As haute couturier, Edgar San Diego has established a distinct name and brand for himself in an industry teeming with talent and artistry. His name is synonymous with clothes that are almost always larger than life, combining silhouettes that are habitually grand in scale with handcrafted details such as beadwork, embroidery, silkscreen printing, and painting. As such, his fashion has been hailed, time and again, as wearable works of art.
It is no accident that San Diego approaches fabrics with the same conscientious thought and plotting as a painter would his canvas. As a young man aware of his passion for visual expressions, he enrolled at the University of Sto. Tomas to study Fine Arts. “To help me polish my talent and define which field of art I wanted to do,” he tells. As if a portent of things to come, his early plates in school invariably led to fashion.
His career path was further bolstered by his early experience as a window dresser in Plaza Fashion Mart at the former Harrison Plaza. Apart from honing his skill as a visual merchandiser, the exposure allowed him the opportunity to meet and work with some of the in-demand designers of the day.
Looking back, he says, “I did hand paintings for gowns, a trend that time, for established designers like Kiko Rodriguez and Jun Jun Cambe. As a designer, my early projects were showband costumes, and personalized clothes for friends and referrals.”
With more experience and a newfound confidence in his talent, he soon asserted his own personal style and artistic inclination, expressed in clothes that take obvious allusions from traditional Filipino wear and adornment – from the tribal and indigenous to the Spanish colonial.
Having given his full attention to his career in fashion, San Diego nevertheless fancied the day when he would pick up a brush and palette again to carry on his love affair with painting. In 2018, he rekindled this passion when he joined his UST Fine Arts batch mates in a reunion exhibit.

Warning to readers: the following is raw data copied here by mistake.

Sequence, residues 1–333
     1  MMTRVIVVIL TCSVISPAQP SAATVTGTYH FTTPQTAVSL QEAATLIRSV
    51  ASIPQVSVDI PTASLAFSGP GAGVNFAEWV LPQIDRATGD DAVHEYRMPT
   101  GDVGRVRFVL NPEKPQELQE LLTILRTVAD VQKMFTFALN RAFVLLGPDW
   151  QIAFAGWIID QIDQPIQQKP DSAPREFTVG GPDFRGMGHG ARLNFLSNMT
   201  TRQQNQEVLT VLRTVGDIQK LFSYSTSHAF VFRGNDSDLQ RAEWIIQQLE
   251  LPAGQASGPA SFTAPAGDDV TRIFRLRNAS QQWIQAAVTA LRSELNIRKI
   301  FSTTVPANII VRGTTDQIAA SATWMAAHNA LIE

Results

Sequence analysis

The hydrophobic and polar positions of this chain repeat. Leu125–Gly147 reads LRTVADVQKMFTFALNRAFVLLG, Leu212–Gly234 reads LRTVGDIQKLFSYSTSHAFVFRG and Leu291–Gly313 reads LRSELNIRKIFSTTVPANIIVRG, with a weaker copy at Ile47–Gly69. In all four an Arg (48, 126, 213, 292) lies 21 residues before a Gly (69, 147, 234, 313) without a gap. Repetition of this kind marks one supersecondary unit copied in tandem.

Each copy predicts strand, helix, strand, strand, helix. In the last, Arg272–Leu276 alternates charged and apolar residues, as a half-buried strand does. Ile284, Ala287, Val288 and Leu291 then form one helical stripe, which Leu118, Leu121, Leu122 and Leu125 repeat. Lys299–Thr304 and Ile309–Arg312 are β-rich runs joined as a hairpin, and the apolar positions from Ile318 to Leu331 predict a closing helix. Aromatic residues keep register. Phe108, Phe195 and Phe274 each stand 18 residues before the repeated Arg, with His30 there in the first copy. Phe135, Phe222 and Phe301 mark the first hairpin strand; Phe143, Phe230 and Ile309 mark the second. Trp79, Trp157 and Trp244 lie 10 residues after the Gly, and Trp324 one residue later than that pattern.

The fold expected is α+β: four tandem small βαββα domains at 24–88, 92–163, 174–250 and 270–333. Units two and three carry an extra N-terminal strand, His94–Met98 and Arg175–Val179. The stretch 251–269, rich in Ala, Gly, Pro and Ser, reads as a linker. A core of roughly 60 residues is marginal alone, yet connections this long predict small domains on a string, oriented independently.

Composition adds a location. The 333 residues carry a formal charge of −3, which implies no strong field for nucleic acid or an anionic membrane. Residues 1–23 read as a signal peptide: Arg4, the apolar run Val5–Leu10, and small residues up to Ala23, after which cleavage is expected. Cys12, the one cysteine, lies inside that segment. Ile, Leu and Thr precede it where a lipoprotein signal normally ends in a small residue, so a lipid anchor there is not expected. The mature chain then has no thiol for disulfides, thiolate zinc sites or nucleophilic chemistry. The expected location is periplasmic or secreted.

“They helped me get back to painting. I felt I was not alone because we were all trying to overcome the ‘blues’ that came with becoming senior citizens,” he laughingly remarks.
His daughter Abby’s deep love for arts also made the shift less daunting. Likewise, the subsequent pandemic that saw various industries – the fashion trade included – caving in as a result of the shutdown, proved to be an auspicious break. The absence of clients gave him more time to realign his focus to painting.
The upshot is an initial body of works that is enticing in its depictions of an era in Philippine life that is long gone. San Diego’s canvases are peopled by demure lasses in baro’t saya, or in the more opulent Maria Clara, and gentlemen in barong Tagalog or camiza de Chino. These characters, in idyllic repose and against backdrops of elegant ancestral mansions or scenic landscapes, bring to life the traditions of the past and the leisurely pace of life that live on in old photographs and in the dying stories of those who lived during those tranquil times.
Finding inspiration in the works of such acclaimed masters as Diego Rivera, Gustav Klimt, Claude Monet, Tamara de Lempicka, and Edgar Degas, among others, San Diego says his works are his personal statements on nationalism.
He explains, ” My paintings are unchanging in their presentation of Filipiniana themes, evident in the costumes, the furniture, the settings, and the sceneries that find their way into my canvas. These are the expressions of my love for country and its history.”
“Hopefully, through my visual creations, I could encourage and inspire others, especially the younger generation of Filipinos, to develop an interest in our country’s fascinating history and our rich cultural heritage.”